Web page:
effects in which motion plays a conspicuous part: we see the falls of
cataracts, the currents of rivers, the elevation and depression of the
waters of the ocean, the currents of the atmosphere; and the question
instantly arises, whether, without sharing our own means of
subsistence with the animals whose force we use, we may not equally,
or more effectually, derive the powers required from these various
phenomena of nature? A difficulty, however, immediately presents
itself: we require motion of a particular kind; but wind will not
blow, nor water fall as we please, nor as suits our peculiar wants,
but according to the fixed laws of nature. We want an _upward_ motion;
water falls _downwards_: we want a _circular_ motion; wind blows in a
_straight_ line. The motions, therefore, which are in actual existence
must be modified to suit our purposes: the means whereby these
modifications are produced, are called _machines_. A machine,
therefore, is an instrument interposed between some natural force or
motion, and the object to which force or motion is desired to be
transmitted. The construction of the machine is such as to modify the
natural motion which is impressed upon it, so that it may transmit to
the object to be moved that peculiar species of motion which it is
required to have. To give a very obvious example, let us suppose that
a circular or rotatory motion is required to be produced, and that the
only natural source of motion at our command is a perpendicular fall
of water: a wheel is provided, placed upon the axle destined to
receive the rotatory motion; this wheel is furnished with cavities in
its rim; the water is conducted into the cavities near the top of the
wheel on one side; and being caught by these, its weight bears down
that side of the wheel, the cavities on the opposite side being empty
and in an inverted position. As the wheel turns, the cavities on the
descending side discharge their contents as they arrive near the
lowest point, and ascend empty on the other side. Thus a load of water
is continually pressing down one side of the wheel, from which the
other side is free, and a continued motion of rotation is produced.

In every machine, therefore, there are three objects demanding
attention: - first, The power which imparts motion to it, this is
called the _prime mover_; secondly, The nature of the _machine_
itself; and thirdly, The object to which the motion is to be conveyed.
In the steam engine the first mover arises from certain phenomena
which are exhibited when heat is applied to liquids; but in the
details of the machine and in its application there are several
physical effects brought into play, which it is necessary perfectly to
understand before the nature of the machine or its mode of operation
can be rendered intelligible. We propose therefore to devote the
present chapter to the explanation and illustration of these
phenomena.

(2.) The physical effects most intimately connected with the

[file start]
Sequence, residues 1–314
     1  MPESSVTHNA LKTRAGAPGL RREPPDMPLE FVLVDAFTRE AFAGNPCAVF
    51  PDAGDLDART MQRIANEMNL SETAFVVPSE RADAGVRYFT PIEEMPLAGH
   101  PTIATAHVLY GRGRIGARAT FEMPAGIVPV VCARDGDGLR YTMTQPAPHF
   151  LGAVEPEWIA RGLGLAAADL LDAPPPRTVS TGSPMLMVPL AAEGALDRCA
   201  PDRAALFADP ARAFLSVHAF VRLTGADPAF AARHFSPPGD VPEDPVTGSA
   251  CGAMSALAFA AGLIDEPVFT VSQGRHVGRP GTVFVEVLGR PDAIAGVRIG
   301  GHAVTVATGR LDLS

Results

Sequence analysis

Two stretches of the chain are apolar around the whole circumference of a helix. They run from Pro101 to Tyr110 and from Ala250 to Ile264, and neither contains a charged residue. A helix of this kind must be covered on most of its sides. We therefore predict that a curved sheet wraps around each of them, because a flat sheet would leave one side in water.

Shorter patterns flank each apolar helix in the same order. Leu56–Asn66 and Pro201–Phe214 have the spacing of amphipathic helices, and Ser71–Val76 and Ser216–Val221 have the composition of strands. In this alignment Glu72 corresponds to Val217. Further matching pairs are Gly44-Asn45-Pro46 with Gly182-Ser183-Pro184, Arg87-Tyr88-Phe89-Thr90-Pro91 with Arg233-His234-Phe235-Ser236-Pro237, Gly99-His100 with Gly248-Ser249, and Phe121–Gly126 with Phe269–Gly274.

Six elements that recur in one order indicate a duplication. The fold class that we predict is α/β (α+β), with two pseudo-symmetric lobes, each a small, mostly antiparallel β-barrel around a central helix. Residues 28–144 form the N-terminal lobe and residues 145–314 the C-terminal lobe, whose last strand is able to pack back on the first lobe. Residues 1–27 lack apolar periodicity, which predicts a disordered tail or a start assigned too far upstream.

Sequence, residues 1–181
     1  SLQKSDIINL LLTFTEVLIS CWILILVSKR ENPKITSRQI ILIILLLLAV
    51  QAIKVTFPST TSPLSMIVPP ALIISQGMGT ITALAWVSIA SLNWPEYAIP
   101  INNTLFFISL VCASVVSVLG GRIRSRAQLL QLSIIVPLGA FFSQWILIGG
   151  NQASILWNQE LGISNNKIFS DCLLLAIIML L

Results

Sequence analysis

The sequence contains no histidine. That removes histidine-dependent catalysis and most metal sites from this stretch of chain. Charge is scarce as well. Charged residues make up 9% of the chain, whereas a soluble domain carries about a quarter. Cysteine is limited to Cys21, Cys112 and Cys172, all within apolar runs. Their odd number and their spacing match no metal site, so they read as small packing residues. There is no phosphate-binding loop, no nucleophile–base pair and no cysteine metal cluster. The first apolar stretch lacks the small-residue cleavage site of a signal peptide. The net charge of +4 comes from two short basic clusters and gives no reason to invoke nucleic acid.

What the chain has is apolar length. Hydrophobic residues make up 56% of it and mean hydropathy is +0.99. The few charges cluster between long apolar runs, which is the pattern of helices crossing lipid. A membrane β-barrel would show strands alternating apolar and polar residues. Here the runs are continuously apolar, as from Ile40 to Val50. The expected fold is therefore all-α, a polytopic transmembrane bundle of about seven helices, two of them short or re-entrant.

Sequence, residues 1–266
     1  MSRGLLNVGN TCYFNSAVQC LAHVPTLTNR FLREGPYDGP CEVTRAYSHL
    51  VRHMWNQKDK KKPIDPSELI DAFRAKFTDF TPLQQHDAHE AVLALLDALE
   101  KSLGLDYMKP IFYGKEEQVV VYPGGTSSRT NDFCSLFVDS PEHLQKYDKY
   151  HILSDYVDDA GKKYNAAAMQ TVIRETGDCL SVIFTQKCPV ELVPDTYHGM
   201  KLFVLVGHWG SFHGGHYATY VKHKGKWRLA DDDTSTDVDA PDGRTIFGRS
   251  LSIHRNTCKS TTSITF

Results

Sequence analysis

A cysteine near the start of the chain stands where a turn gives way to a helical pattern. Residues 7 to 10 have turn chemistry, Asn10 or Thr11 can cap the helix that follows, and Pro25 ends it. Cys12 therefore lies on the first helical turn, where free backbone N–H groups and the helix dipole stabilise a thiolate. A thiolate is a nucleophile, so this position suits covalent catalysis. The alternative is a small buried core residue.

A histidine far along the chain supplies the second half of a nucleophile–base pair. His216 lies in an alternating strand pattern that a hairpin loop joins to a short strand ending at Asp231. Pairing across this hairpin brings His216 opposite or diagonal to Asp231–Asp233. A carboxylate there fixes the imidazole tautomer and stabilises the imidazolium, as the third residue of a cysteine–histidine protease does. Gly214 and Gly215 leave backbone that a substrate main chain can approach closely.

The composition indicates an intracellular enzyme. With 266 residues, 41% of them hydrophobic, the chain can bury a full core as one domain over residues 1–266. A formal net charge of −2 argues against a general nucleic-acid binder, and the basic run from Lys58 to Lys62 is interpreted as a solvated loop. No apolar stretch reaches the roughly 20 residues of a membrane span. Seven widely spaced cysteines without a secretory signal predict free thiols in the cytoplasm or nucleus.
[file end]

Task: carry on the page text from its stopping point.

operations of steam engines are some of the mechanical properties of
atmospheric air. The atmosphere is the thin transparent fluid in which
we live and move, and which, by respiration, supports animal life.
This fluid is apparently so light and attenuated, that it might be at
first doubted whether it be really a body at all. It may therefore
excite some surprise when we assert, not only that it is a body, but
also that it is one of considerable _weight_. We shall be able to
prove that it presses on every _square inch_[1] of surface with a
weight of about 15lb. avoirdupois.

[Footnote 1: As we shall have frequent occasion to mention this
magnitude, it would be well that the reader should be familiar with
it. It is a _square_, each side of which is an inch. Such as A B C D,
Fig. 1.]

(3.) Take a glass tube A B (fig. 2.) more than 32 inches long, open at
one end A, and closed at the other end B, and let it be filled with
mercury (quicksilver.) Let a glass vessel or cistern C, containing a
quantity of mercury, be also provided. Applying the finger at A so as
to prevent the mercury in the tube from falling out, let the tube be
inverted, and the end, stopped by the finger, plunged into the mercury
in _C_. When the end of the tube is below the surface of the mercury
in C (fig. 3.) let the finger be removed. It will be found that the
mercury in the tube will not, as might be expected, fall to the level
of the mercury in the cistern C, which it would do were the end B open
so as to admit the air into the upper part of the tube. On the other
hand, the level D of the mercury in the tube will be about 30 inches
above the level C of the mercury in the cistern.

(4.) The cause of this effect is, that the weight of the atmosphere
rests on the surface C of the mercury in the cistern, and tends
thereby to press it up, or rather to resist its fall in the tube; and
as the fall is not assisted by the weight of the atmosphere on the
surface D (since B is closed), it follows, that as much mercury
remains suspended in the tube above the level C as the weight of the
atmosphere is able to support.

If we suppose the section of the tube to be equal to the magnitude of
a square inch, the weight of the column of mercury in the tube above
the level C will be exactly equal to the weight of the atmosphere on
each square inch of the surface C. The height of the level D above C
being about 30 inches, and a column of mercury two inches in height,
and having a base of a square inch, weighing about one pound
avoirdupois, it follows that the weight with which the atmosphere
presses on each square inch of a level surface is about 15lb.
avoirdupois.

An apparatus thus constructed, and furnished with a scale to indicate



Online LibraryDionysius LardnerThe Steam Engine Familiarly Explained and Illustrated → online text (page 1 of 26)